9. I don’t think I’ve ever binged unless it was emotionally charged. Since I know this about myself, if I feel like I’m craving something so so bad and can feel myself wanting to binge I journal or go for a run. Something that takes me away from the kitchen, and without money to buy something naughty.

    I know some people think that the ocassional binge is ok, but I just can’t feel ok about doing that to myself – not for the physical reason (although I hate tummy aches), but for the mental reason. I have a hard time being ok with knowing that I just ate in order to fill an emotional void. I feel dissapointed that I didn’t try to tackle the actual problem instead of just bury it in food.

    I’m not trying to sound preachy at all… I just cannot handle the mental reprecussions of binging so I try to remind myself of that whenever I have the urge. I also chew looooots of gum when I’m craving stuff but am full.


  10. Sagan, just move on. You will have better (albeit heavier) days ahead.


  11. Hang in there, girl!!!!


  12. Oh, but I could go on for ever on this topic (both cookie dough and binges!)…. πŸ™‚

    SO many things you said are exactly what I've experienced….did you ever see the episode of Sex & the City where Miranda eats cake from the trash?! Sometimes I throw trigger foods away and – this sounds so crazy – I spray cleaning stuff on it! Then I KNOW for sure I'm not going to touch it.

    Right now I'm at the point where I can't have "trigger" foods at my house (candy, cookie dough, cookies…) and if I do, I make sure to take them into work or have the roomie eat them. πŸ™‚

    As far as after the fact…the guilt is the hardest thing for me. After a day or two of eating healthy I'm totally fine, but I do tend to beat myself up for it. Just know that you are not alone, you're certainly not the only one who does this, and each day is a new chance to eat healthy (that sounds v. cliche but it's how I have to think of it!).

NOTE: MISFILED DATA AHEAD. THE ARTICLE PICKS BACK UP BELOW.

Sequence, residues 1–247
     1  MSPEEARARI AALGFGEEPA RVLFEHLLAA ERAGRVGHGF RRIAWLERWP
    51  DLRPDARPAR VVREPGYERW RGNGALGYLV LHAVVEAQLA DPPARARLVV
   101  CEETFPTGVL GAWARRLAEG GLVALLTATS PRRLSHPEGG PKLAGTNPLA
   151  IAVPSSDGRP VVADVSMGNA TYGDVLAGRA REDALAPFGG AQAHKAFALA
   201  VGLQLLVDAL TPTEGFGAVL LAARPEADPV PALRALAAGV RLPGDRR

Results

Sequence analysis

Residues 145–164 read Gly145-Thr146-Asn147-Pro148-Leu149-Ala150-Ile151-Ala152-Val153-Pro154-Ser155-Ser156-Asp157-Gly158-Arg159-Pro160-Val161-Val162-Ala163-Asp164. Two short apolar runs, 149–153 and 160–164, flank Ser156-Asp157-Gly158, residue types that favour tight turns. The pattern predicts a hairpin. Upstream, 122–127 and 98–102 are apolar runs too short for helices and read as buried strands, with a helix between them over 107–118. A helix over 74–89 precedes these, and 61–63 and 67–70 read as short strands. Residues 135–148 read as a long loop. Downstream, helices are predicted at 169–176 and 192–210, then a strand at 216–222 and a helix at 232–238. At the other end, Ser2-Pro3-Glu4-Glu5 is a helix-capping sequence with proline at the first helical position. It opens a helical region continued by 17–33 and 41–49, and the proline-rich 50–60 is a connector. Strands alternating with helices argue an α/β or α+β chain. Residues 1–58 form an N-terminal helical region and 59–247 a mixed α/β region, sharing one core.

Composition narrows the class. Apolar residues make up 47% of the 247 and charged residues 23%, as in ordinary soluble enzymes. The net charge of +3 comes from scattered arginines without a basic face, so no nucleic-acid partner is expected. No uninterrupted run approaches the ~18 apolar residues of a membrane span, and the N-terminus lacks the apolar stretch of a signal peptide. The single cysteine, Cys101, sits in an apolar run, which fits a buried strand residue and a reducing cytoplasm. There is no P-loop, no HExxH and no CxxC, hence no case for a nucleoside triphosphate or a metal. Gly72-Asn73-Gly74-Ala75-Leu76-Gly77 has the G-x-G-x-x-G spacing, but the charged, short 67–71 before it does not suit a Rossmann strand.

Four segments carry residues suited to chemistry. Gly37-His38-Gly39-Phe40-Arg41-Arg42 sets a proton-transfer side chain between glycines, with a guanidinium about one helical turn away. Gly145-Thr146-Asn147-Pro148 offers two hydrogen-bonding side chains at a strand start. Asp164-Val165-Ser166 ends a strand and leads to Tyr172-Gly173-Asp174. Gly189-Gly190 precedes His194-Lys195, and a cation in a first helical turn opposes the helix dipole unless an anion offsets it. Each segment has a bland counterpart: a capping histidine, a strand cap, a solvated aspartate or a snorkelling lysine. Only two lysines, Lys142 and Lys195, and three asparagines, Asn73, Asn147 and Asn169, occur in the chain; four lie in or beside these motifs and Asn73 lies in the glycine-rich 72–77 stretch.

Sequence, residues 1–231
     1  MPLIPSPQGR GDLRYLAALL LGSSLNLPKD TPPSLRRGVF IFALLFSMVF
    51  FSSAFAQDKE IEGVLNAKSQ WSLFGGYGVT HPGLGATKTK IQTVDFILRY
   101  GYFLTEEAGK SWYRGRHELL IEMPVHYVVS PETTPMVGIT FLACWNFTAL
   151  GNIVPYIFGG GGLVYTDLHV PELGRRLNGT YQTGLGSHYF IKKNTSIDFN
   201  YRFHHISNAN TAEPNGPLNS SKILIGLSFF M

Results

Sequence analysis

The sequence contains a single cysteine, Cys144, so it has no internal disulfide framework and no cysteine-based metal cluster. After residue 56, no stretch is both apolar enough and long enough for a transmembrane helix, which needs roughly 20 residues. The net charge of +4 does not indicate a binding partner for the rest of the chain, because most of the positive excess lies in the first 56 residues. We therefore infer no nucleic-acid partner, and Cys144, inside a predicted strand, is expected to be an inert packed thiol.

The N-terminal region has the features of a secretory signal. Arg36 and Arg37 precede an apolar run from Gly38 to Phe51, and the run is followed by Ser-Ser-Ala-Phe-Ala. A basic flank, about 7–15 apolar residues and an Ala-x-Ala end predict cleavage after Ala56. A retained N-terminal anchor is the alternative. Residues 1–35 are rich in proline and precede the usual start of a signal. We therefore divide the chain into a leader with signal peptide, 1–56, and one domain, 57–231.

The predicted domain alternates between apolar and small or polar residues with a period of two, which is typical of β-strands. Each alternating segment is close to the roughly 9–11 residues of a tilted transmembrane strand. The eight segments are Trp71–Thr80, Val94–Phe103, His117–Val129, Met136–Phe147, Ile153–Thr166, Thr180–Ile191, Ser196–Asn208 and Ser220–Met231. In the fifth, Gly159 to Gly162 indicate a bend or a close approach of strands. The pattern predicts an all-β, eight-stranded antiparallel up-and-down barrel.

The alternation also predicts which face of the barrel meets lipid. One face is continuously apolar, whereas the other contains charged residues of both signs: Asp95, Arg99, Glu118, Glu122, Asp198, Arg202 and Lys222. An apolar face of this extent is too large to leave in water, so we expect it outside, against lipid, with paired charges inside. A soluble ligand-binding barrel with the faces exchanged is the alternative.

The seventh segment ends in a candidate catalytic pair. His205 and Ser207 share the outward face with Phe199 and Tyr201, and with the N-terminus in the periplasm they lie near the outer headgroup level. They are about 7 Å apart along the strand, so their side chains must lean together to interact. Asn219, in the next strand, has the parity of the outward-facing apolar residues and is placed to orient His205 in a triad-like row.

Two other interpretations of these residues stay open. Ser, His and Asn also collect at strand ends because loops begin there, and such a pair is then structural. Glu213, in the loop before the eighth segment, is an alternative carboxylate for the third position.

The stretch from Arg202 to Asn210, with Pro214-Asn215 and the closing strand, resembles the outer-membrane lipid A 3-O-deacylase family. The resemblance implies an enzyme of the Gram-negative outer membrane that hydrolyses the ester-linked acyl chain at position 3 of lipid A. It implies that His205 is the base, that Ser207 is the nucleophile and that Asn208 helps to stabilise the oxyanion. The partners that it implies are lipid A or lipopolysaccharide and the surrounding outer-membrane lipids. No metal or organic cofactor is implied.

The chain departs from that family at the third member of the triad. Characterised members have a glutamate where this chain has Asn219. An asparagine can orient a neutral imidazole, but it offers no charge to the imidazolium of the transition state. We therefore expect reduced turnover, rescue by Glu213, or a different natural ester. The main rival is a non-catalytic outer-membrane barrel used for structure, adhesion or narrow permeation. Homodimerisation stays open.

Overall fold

13. I’m dealing with the same issue right now. That cookie dough wouldn’t have lasted a day in my house. I do the same thing as far as your mind focusing on it so much. It’s crazy because you know how you’re going to feel afterwards, but at the time of binging, you don’t care. I completely understand. I wish I could handle it much better mentally…it’s a work in progress I guess.


  14. I just have to echo everything TA said. Kudos to you on handling it so well and staying in such a positive mental place. You are my hero!


  15. I dont keep things like that in the house, luckly I’ve never been a fan of chocolate but I do like sweet things. I went through a phase of only having oatmeal with honey, it was great but I wouldn’t eat it without. So now I only buy the honey occasionally (but still every month).

    I’m pretty strong round the supermarket too, going on the fact that I just want to get out of there as soon as possible I tend not to buy anything I’ll regret having in the house later.

    … But I did have a big slice of my little sisters birthday cake yesterday. mmm


  16. Catherine- you aren’t preachy at all. When there’s emotions involved, then I completely agree with you. And even if there’s not I certainly don’t condone binging- but if its going to happen, its good to try to get ourselves into a mindset in which we can deal with it.

    Holly- thank you! I can’t have those kinds of foods around either. I think I better youtube that episode:)

    Strongandhealthy- we’re always a work in progress! That’s what makes us so fantastic:)

    Charlotte- HUGS

    Jack- I’m also really good at the supermarket. It’s when things are in the house- they just call your name! yum birthday cake.


  17. This is how I look at it, and how I suggest others, too:

    You ate cookie dough. That is completely normal. This is in the past, and now you look at it as a little part of your life, which as your mentioned on your title page, is going to be a long time.